With the anthropometrist standing behind the subject and the branches of the anthropometer gripped by the thumb and the index finger and rested on the backs of the hands, bitrochanteric breadth was measured as the maximum distance between the most lateral points on the greater trochanter of the left and right femurs when the subject's arms were folded over the chest.
Bi-iliocristal breadth [Figure 3]
With the anthropometrist standing in front of the subject, bi-iliocristal breadth was determined as the distance between the most lateral points on the superior border of the iliac crest. The branches of the caliper pointed upward at an angle of about 45° from the horizontal to encompass the largest diameter between the lateral aspects of the iliac crests. Firm pressure was applied to the branches over the iliac sites by the anthropometrist's index fingers.
|Figure 3: Plate illustrating position of bi-iliocristal breadth measurement|
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Transverse chest breadth
The distance of the lateral aspect of the thorax at the level of the most lateral aspect of the fourth costal cartilage was obtained by applying the large, sliding caliper to the subject, who was seated erect and facing the anthropometrist. This measurement was made at the end of the normal expiratory excursion (end-tidal) by instructing the subject to inhale, followed by exhaling fully and thereafter holding the breadth. Care was taken to apply the anthropometer (now modified as a sliding caliper) at an angle of about 30° downward from the horizontal, avoiding both the pectoral and latissimus dorsi muscle contours. With the site approximated, the anthropometrist removed the thumbs from the pinch grasp of the branches and applied firm pressure with the index fingers.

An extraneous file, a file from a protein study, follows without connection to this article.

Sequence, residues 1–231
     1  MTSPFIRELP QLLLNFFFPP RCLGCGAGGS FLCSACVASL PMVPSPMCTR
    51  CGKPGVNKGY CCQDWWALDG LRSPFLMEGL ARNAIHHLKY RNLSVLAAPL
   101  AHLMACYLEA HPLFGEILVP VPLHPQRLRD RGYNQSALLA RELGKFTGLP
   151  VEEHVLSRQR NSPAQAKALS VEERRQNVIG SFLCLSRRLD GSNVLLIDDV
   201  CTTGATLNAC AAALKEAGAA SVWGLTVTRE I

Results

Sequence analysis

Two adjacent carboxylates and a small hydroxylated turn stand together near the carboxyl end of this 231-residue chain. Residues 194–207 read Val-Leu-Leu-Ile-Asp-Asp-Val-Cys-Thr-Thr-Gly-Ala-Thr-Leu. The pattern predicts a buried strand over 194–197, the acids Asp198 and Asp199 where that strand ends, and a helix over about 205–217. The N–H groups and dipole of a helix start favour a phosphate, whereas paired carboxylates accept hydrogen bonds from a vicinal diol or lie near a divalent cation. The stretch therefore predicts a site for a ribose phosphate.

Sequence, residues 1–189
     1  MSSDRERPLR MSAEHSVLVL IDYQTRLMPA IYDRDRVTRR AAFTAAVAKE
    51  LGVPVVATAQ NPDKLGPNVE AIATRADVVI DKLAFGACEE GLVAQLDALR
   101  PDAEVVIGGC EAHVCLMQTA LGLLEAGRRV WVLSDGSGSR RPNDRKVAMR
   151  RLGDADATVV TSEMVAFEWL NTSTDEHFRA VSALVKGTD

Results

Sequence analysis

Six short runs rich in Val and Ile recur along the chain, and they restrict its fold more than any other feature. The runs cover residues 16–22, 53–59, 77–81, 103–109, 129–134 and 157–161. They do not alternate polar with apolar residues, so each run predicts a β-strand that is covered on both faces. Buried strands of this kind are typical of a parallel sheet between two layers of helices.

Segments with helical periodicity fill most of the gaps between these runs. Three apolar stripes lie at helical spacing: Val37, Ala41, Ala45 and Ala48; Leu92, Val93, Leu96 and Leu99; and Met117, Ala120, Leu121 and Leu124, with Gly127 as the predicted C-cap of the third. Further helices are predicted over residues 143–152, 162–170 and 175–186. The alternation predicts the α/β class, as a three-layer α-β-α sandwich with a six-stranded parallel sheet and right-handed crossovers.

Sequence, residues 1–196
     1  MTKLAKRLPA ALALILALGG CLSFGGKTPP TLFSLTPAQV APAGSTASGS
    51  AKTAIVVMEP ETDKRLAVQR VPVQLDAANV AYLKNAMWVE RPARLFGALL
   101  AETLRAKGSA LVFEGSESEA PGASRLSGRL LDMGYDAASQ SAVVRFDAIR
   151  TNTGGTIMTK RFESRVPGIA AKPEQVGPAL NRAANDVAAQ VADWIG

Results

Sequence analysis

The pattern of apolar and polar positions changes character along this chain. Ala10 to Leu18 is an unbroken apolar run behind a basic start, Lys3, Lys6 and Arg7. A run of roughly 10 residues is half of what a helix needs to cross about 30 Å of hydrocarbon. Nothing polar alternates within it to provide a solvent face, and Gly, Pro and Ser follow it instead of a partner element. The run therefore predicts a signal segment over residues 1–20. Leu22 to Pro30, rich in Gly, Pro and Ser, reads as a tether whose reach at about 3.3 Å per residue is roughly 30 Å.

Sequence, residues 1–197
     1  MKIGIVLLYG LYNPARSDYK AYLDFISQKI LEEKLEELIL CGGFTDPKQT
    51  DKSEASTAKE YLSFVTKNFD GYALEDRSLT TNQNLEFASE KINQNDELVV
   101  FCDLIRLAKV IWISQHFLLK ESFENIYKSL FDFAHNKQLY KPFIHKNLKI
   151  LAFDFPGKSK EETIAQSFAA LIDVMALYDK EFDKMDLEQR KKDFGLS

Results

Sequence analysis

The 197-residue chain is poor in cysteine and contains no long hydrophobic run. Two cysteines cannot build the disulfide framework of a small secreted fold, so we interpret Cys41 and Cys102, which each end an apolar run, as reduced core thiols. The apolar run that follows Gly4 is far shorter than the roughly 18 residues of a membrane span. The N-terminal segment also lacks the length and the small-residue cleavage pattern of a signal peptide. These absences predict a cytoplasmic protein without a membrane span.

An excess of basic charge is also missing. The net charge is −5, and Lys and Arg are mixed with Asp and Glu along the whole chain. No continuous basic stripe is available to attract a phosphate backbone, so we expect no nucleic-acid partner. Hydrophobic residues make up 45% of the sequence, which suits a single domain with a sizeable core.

In all four situations, the scale of the anthropometer was balanced on the forearms, firm pressure being applied to the branches over the anatomical sites to compress on soft tissues, and the scale was read to the nearest 0.1 cm.
The validity of the skeletal frame size estimates depended on the reliability of the measurements used. To achieve quality assurance and reliability of the estimates, training of the five coauthors (Master of Science in Anatomy students) in anthropometric techniques was carried out by the first author (an ISAK-certified anthropometrist) at the Department of Anatomy, CMUL, prior to commencement of the study. Measurements were carried out in two groups of "threes," each group consisting of the following: 1) a tester, 2) an assistant, and 3) the recorder. This training ensured that all the researchers achieved an acceptable degree of reliability with estimates. Thus, the technical error of measurement (TEM), a measure of precision or replicability, was estimated to determine measurement error intrinsic to this study. The procedures, carried out both before and during the study and in strict compliance with the requirements of ISAK, are described briefly below.